I understand my absolute privilege as a person with a comfortable home, enough savings to handle clients who suddenly can’t pay, an already remote and self-regulated job, and three kids I actually enjoy spending time with. I haven’t for a moment taken for granted that a lot of people are stuck in terrible situations and facing a month of really hard decisions. That’s why whenever anyone asks me with a solemn tone… “so, how are you guys holding up?” I use my perkiest customer service voice to assure them that everything is wonderful and we are just fine.
We get out every day to some green space, have more than enough toilet paper, do you need a roll? And when I put my kids to bed, we lament over just how fast this day slipped by us. We would just love a few more minutes, and so I climb into bed with them and we read one more story (probably three) and I watch them drift off to sleep before I do the dishes and write.
My life is everything I ever wanted, and I cannot complain.
But the assignment I was handed this week was to be a lot more honest than that. Not that the above isn’t true, it absolutely is. But while everyone talks about what “the new normal” means to them, some of us have been isolating with psychological disorders for years, and this was just one more door that closed for us. And being stuck in a home with three weeks’ supply of food can be, while I shudder at the word, triggering for someone recovering from decades of eating disorders.
Eating with the Enemy
For six years I’ve had the honor of using these pages to talk about how much I love food. I love food like the drunk girl in the bar bathroom loves EVERYONE. I gas it up, tell it how lucky everyone is to have it, ask it where it got its gorgeous sauces. It can be difficult to reconcile my appreciation for the art of flavor balancing with the fact of my decades of a sub-450 calorie a day diet. But most psychological disorders come with a side of WTF.
By seven years old, I was well aware that I had an eating disorder. Facial scars I acquired at the ripe old age of 2 meant I had already made my peace with the fact that “pretty” was never going to be my calling. To the chagrin of early therapists, nutritionists, and personal trainers, restrictive eating was never about how I looked. There was no finish line. I had just found that counting, cutting, and burning calories was the only thing I had any real control over.
A Little Help
There was no magic day in therapy that “fixed” me, but rather the thought of my future children feeling the way I felt that helped me to make some kind of peace. It was my perfect daughter, Lily. Years before she was born, she saved her mother’s life.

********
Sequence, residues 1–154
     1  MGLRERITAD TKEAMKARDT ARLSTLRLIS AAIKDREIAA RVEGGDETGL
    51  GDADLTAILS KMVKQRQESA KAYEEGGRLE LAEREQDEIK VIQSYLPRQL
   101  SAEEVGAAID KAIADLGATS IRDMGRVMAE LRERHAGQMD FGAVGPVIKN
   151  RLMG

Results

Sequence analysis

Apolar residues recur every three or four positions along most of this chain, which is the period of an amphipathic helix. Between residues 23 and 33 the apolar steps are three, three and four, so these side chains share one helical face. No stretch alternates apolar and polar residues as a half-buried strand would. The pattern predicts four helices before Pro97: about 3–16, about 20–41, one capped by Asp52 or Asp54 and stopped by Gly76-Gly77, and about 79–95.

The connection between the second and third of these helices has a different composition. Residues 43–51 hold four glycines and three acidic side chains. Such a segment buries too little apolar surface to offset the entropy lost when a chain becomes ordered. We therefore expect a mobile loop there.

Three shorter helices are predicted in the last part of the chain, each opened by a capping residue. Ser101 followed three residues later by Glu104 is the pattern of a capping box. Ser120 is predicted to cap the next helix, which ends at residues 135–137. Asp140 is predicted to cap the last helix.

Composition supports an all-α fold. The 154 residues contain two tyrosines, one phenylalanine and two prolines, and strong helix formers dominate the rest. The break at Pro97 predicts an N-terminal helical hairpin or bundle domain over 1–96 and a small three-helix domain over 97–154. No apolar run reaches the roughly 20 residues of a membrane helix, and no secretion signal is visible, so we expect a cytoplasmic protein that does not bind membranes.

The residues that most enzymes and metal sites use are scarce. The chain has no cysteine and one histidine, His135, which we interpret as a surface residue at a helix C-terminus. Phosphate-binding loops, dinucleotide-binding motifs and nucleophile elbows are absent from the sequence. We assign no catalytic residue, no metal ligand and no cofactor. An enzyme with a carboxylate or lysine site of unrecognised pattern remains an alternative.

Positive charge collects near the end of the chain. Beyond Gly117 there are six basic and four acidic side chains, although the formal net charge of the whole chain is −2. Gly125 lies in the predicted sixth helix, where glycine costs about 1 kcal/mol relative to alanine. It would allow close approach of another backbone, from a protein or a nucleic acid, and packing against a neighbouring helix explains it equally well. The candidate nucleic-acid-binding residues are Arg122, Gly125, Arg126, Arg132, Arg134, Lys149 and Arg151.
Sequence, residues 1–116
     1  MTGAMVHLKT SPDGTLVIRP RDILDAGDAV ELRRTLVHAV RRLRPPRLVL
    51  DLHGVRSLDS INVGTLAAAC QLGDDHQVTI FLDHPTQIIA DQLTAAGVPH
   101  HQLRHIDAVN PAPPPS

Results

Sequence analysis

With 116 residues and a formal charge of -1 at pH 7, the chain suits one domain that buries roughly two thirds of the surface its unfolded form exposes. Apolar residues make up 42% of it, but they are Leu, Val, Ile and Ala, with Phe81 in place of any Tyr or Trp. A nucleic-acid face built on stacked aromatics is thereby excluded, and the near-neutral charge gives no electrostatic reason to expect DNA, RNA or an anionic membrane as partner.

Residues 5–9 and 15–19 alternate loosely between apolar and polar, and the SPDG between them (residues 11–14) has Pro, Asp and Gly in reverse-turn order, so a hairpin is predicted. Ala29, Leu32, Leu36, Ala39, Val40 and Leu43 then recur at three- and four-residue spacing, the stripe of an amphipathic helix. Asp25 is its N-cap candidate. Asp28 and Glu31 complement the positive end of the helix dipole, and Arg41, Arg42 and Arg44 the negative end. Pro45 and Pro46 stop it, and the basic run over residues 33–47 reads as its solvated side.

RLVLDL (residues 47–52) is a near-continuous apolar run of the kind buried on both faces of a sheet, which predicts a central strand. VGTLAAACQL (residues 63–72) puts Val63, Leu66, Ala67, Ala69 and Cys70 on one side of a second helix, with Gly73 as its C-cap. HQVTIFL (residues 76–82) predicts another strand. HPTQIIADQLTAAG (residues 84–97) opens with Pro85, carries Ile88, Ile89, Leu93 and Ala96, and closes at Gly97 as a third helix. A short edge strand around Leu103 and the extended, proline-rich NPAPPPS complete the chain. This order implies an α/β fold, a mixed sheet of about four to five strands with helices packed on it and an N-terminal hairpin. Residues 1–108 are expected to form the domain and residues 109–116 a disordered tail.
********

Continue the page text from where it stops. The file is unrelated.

When I see myself staring back from my daughter’s sweet hazel eyes today, I wish I could hold tiny me and tell her I am so sorry. ]
I wish I could be the mother she needed. But I can honor her now by taking better care of myself, and being that woman for my daughter. I’m grateful that in spite of the adrenal
fatigue, hair loss, and joint problems I inflicted upon myself, my beautiful daughter will not inherit my adversarial relationship with food.
But the problem with OCD, PTSD, and eating disorders is that you don’t get fixed. You find yourself in a (hopefully) permanent state of recovery. You know your triggers and avoid them, maintain your support system, and take your steps... every day. Today, control looks like meal planning. Meditating when I am alone and saying out loud “Don’t throw
the food away. You can’t go back to the store this week, don’t throw it away.” And reminding myself that I didn’t actually cause this quarantine. And neither did you.
My only advice is this; reach out. Phone a friend. Reframe things as often as you need to. Today, do it for your kids. Tomorrow, do it so that you’re strong enough to workout when the gyms reopen. The next day, cut your bangs. It’s ok. Do it because you have control over those bangs and whether or not they look ugly right now.
And today, find a specialized therapist who takes telecalls. BetterHealth has options within your budget.
And if you ask the only people I care about, they’ll tell you that I’m a really great mom. If you need one, I’m here. I think you’re doing an amazing job, and I promise we’re going to be ok.